Very much as is now the case in many social gatherings where “the meeting,” as the saying is, “is thrown open.” Individuals employed their gifts under the promptings of the Spirit, as seemed to them best, governed only by considerations of mutual regard and general utility. All enjoyed the right, yea, felt it a duty, to contribute something toward the public edification according to the ability conferred on them severally. The idea that a special priesthood was necessary to mediate between the worshipping assembly and God, is not for a moment entertained. Indeed, it is altogether ignored and excluded on the supposition that all were now made priests unto God by the unction of the Spirit, and had an equal right to speak the truth that was in them, and to offer prayer. The disorders arising from the fullest concession of this right, were not regarded an evil so great as would have arisen from the repression of the Spirit that wrought in all the members “severally as He would.” The Spirit was not to be quenched; prophesyings were not to be despised; and whatever there was of the carnal and selfish element mingling with what was spiritual and divine, was to be separated and rejected by the critical faculty of the more discerning. The hearers were expected “to prove all things, and hold fast that which is good.” This fact should be commended to the attention of those who in their excessive regard for having “all things done decently and in order,” proceed to the extreme of repressing the spontaneous life and activity of the Church as a whole, by putting the meeting entirely under the control of a special order of individuals.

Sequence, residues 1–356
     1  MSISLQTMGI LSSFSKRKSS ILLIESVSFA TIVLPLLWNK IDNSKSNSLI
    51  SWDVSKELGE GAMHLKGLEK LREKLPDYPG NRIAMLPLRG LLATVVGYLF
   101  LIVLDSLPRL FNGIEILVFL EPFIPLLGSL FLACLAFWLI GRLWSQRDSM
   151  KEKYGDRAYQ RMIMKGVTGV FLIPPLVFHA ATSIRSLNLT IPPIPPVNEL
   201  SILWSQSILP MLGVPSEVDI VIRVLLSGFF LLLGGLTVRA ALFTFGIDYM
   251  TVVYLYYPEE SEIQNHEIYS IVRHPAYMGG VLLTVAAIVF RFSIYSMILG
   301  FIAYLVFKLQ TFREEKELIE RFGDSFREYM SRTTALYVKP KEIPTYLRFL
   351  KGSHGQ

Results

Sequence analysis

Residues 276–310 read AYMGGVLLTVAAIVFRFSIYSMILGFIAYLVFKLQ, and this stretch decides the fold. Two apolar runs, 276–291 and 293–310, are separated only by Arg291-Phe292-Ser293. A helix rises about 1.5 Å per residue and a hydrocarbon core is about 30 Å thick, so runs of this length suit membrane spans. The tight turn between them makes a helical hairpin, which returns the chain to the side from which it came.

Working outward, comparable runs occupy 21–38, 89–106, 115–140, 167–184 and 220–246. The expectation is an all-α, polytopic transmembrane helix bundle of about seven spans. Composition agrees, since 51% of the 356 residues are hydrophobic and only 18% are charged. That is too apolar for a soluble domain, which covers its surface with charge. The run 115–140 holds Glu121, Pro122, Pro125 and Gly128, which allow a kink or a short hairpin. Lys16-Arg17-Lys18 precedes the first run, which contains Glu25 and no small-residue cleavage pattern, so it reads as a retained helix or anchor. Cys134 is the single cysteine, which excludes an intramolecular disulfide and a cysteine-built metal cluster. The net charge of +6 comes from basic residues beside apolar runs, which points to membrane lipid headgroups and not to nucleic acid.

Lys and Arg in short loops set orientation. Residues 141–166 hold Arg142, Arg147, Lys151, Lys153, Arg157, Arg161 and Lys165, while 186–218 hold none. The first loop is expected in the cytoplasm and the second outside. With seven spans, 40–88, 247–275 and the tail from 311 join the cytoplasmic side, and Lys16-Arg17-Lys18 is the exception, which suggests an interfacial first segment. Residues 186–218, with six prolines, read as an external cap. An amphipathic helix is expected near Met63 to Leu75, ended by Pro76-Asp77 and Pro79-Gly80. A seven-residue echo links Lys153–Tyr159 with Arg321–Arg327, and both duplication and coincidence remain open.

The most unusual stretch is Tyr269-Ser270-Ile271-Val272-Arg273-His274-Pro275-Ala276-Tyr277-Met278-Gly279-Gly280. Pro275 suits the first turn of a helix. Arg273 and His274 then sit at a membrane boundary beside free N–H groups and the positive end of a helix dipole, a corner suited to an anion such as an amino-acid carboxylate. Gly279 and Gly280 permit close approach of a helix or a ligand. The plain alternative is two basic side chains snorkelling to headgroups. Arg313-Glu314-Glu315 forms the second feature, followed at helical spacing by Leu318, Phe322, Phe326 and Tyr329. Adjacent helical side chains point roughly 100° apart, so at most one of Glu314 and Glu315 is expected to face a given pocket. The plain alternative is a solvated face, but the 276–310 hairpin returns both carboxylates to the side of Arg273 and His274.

The exercises consisted of prayer, praise, thanksgiving, prophesying, and speaking with tongues, accompanied by interpretation,—together with the celebration of the Lord’s Supper at stated seasons. The several parts of the service seem to have followed one another without settled plan. The only rules to be observed here were non-interference, so as to prevent confusion, and a regard for the edification of the Church as a whole, rather than for that of the individual. The latter necessarily excluded all that was unintelligible to the majority of the assembly. No language was to be employed which could not be understood by all alike. It is a rule which by implication condemned in advance the practice of the Romish church in using a liturgy composed in a language wholly unknown to the great mass of the people, and thus precluding them from participating intelligently in the service. Hence, in this anti-Christian church worship the necessity of a little bell to notify the congregation when to give their responses, instead of that free intelligence which having understood what was spoken, expresses its hearty assent in the loud “Amen,” with which the early Christians were wont to ratify the prayer and the thanksgiving, thus making it the act of the whole assembly].